- beer O.E. beor "strong drink, beer, mead," a word of much-disputed and ambiguous origin, cognate with O.Fris. biar, M.Du., Du. bier, O.H.G. bior, Ger. Bier. Probably a 6c. West Germanic monastic borrowing of V.L. biber "a drink, beverage" (from L. infinitive bibere "to drink;" see IMBIBE (Cf. imbibe)). Another suggestion is that it comes from P.Gmc. *beuwoz-, from *beuwo- "barley." The native Germanic word for the beverage was the one that yielded ALE (Cf. ale) (q.v.).Beer was a common drink among most of the European peoples, as well as in Egypt and Mesopotamia, but was known to the Greeks and Romans only as an exotic product. [Buck]They did have words for it, however. Gk. brytos, used in reference to Thracian or Phrygian brews, was related to O.E. breowan "brew;" L. zythum is from Gk. zythos, first used of Egyptian beer and treated as an Egyptian word but perhaps truly Greek and related to zyme "leaven." French bière is from Germanic. Spanish cerveza is from L. cervesia "beer," perhaps related to L. cremor "thick broth." O.C.S. pivo, source of the general Slavic word for "beer," is originally "a drink" (Cf. O.C.S. piti "drink"). French bière is a 16c. borrowing from German. U.S. slang beer goggles, through which every potential romantic partner looks desirable, is from 1986.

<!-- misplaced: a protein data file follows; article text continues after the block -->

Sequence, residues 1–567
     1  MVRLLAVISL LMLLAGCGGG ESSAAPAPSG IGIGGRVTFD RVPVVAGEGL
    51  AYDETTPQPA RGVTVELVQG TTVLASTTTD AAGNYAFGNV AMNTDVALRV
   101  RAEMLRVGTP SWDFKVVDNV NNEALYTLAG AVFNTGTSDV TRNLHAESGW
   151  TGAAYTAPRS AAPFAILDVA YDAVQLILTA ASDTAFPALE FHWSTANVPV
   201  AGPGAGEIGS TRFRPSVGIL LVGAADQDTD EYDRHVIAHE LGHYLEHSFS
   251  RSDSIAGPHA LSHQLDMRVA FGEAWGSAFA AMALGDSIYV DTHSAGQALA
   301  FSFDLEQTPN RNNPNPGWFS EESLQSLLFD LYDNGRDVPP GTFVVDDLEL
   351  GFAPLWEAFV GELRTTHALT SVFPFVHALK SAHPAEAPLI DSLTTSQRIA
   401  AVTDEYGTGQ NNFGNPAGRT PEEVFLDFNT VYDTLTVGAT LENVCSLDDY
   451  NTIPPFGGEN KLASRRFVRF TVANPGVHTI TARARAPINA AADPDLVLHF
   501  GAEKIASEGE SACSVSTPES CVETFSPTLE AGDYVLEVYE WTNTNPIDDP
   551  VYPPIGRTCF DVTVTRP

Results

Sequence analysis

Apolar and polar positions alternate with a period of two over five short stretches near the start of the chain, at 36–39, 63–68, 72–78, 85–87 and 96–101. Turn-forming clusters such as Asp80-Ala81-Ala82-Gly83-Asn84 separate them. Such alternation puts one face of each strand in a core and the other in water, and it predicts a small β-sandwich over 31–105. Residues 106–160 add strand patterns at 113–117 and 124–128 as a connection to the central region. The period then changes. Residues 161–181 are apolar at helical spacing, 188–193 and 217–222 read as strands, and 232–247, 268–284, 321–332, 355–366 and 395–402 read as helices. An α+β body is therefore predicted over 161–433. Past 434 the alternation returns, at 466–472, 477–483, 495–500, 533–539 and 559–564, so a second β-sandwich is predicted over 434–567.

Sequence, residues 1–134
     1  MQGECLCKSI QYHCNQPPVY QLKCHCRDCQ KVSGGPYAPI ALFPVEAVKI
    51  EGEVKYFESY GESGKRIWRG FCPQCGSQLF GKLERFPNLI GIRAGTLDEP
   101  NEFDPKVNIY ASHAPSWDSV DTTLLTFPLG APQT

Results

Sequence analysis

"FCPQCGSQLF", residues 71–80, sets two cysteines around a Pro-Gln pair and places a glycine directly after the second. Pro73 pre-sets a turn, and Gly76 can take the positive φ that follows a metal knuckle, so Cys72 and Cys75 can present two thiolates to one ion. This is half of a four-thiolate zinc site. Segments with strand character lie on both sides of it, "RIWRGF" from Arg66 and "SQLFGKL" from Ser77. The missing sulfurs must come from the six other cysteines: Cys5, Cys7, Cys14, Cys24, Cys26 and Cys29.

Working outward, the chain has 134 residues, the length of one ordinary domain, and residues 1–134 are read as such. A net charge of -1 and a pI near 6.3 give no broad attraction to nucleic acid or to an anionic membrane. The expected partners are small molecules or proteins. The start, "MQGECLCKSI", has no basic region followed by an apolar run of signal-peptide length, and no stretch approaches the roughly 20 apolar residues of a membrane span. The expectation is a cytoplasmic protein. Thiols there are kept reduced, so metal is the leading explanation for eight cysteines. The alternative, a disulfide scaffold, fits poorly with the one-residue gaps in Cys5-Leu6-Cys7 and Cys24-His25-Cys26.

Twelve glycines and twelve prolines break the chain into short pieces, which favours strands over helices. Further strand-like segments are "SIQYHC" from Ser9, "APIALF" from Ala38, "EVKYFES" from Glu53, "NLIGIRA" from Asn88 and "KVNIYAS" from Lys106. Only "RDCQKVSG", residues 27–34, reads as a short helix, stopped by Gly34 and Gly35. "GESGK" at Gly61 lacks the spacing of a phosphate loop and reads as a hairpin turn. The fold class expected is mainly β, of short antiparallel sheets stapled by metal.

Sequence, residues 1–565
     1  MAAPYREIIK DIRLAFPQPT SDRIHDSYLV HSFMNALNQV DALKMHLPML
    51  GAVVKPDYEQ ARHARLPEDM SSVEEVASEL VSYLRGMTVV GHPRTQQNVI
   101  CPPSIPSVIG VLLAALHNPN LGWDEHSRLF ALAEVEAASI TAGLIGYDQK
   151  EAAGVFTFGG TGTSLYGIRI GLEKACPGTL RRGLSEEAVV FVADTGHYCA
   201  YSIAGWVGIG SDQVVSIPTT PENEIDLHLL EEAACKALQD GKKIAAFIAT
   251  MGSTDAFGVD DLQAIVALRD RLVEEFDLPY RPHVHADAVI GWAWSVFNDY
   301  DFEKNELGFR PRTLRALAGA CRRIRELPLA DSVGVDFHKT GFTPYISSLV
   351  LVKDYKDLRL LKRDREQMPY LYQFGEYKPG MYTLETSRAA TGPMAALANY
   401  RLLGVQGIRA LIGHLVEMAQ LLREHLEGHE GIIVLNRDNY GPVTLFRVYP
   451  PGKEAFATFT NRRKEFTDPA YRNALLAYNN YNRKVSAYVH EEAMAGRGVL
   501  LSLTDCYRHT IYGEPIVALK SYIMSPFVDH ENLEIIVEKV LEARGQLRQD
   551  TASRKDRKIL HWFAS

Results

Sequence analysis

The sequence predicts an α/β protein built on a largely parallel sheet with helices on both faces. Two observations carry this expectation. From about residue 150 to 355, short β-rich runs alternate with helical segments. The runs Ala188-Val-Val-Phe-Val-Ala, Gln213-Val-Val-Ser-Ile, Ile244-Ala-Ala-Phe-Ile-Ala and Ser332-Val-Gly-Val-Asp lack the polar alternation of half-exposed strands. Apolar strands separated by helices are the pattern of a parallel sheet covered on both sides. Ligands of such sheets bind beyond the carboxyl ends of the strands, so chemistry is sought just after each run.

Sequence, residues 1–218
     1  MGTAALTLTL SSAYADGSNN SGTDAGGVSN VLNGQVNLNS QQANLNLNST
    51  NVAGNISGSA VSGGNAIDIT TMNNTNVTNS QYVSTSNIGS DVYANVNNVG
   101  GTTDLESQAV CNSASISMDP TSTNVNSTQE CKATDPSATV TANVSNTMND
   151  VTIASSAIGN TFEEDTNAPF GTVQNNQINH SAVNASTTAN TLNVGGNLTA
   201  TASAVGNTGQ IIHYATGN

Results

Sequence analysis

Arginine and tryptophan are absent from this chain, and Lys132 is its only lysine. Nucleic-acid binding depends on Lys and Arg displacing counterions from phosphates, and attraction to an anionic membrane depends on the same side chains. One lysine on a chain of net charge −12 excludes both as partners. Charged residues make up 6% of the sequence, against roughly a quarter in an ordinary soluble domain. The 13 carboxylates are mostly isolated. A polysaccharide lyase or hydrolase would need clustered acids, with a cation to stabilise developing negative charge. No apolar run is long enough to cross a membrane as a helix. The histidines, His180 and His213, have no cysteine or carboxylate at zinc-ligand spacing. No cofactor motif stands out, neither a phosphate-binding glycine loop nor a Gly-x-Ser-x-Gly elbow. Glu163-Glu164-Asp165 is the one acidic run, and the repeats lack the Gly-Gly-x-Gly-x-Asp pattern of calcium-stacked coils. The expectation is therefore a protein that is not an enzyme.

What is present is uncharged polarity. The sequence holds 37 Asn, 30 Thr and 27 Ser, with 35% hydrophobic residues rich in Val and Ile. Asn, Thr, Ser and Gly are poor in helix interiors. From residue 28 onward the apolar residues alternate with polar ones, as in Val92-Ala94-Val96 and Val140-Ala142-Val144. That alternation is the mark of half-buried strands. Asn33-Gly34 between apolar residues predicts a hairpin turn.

Etymology dictionary. 2014.